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Engineering Restricted Lignin and Enhanced Sugar Deposition in Secondary Cell Walls Enhances Monomeric Sugar Release
Published: July 04, 2015
Posted: September 01, 2015

Lignocellulosic biomass has the potential to be a major source of renewable sugar for biofuel production. However, the lignin component, a complex and interlinked phenolic polymer, associates with secondary cell wall polysaccharides, rendering them less accessible to enzymatic hydrolysis to convert them to sugars. Therefore, before enzymatic hydrolysis, biomass must first be pretreated to make it more susceptible to saccharification and release high yields of fermentable sugars. To reduce the impact of lignin on limiting saccharification, researchers at the Department of Energy’s Joint BioEnergy Institute (JBEI) engineered Arabidopsis lines where lignin biosynthesis was repressed in fiber tissues but retained in the plant’s vessels, and polysaccharide deposition was enhanced in fiber cells. Growth of these engineered plants showed little to no apparent negative impact on growth phenotype. Analyses of these engineered Arabidopsis plants were conducted to determine if the engineered plants would yield more sugars than wild type. Both wild type and engineered plant biomasses were treated with an ionic liquid at either 70°C for 5 hours or 140°C for 3 hours. After pretreatment at 140°C and subsequent saccharification, the relative peak sugar recovery from biomass of engineered plants and wild type was not statistically different. However, reducing the pretreatment temperature to 70°C resulted in a higher peak sugar recovery for the engineered lines, but a significant reduction in the peak sugar recovery obtained from the wild type. These results demonstrate that employing cell wall engineering to decrease the recalcitrance of lignocellulosic biomass has the potential to drastically reduce the energy required for effective pretreatment.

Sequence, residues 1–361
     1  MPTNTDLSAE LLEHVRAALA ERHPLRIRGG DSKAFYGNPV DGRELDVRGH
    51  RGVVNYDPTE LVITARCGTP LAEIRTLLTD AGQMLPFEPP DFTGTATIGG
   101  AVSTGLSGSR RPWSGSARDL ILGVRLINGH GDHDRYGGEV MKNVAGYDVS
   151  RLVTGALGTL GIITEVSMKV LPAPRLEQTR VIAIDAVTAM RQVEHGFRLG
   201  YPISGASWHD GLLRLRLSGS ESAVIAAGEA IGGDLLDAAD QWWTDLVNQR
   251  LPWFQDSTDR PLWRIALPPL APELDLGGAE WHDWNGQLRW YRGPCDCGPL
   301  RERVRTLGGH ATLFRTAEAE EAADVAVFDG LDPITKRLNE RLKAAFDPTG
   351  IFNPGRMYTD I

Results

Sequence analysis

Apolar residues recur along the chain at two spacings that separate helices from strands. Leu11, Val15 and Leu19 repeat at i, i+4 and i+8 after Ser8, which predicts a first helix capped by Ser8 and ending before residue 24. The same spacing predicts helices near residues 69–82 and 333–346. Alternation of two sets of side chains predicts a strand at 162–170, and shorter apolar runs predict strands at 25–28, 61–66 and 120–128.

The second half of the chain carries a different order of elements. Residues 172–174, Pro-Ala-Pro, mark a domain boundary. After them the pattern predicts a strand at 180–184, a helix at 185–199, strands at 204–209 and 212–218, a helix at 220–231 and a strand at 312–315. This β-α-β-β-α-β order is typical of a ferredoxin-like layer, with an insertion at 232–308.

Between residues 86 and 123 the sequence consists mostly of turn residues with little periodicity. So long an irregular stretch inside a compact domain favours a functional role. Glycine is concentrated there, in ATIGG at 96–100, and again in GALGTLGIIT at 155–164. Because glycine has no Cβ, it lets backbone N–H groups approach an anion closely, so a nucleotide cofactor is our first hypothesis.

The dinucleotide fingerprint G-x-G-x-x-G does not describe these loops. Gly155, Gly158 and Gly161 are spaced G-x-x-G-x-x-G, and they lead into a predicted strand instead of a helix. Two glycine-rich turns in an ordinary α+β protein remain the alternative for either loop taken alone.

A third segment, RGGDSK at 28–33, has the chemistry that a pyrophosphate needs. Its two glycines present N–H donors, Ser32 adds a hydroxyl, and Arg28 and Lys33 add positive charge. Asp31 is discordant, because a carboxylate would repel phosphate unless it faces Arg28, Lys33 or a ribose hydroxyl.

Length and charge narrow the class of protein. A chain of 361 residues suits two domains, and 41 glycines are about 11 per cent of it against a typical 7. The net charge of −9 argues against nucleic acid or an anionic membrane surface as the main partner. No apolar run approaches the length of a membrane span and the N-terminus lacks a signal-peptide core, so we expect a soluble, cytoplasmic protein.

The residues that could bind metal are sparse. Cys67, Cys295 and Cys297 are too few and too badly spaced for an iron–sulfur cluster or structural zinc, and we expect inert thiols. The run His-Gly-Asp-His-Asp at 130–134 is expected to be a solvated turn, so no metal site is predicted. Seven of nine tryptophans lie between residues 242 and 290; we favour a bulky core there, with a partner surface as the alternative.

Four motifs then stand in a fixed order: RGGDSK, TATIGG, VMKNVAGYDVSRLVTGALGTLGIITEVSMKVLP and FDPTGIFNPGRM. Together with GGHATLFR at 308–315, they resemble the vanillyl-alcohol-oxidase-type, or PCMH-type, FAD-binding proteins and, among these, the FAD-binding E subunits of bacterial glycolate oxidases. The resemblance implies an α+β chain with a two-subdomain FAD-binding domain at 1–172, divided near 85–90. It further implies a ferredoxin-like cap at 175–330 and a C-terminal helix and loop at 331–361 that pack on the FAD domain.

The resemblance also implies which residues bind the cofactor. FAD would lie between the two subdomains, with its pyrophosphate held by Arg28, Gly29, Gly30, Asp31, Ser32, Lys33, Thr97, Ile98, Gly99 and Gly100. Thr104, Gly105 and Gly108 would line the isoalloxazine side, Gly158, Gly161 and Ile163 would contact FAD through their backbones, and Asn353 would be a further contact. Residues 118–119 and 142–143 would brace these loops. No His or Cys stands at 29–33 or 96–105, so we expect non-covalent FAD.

Reference: Scullin, C., A. G. Cruz, Y.-D. Chuang, B. A. Simmons, D. Loque, and S. Singh. 2015. “Restricting Lignin and Enhancing Sugar Deposition in Secondary Cell Walls Enhances Monomeric Sugar Release After Low Temperature Ionic Liquid Pretreatment,” Biotechnology for Biofuels 8, 95. DOI: 10.1186/s13068-015-0275-2. (Reference link)

Contact: Kent Peters, SC-23.2, (301) 903-5549
Topic Areas:

  • Research Area: Plant Systems and Feedstocks, Plant-Microbe Interactions
  • Research Area: Sustainable Biofuels and Bioproducts
  • Research Area: DOE Bioenergy Research Centers (BRC)
  • Research Area: Biosystems Design

Division: SC-33.2 Biological Systems Science Division, BER

 

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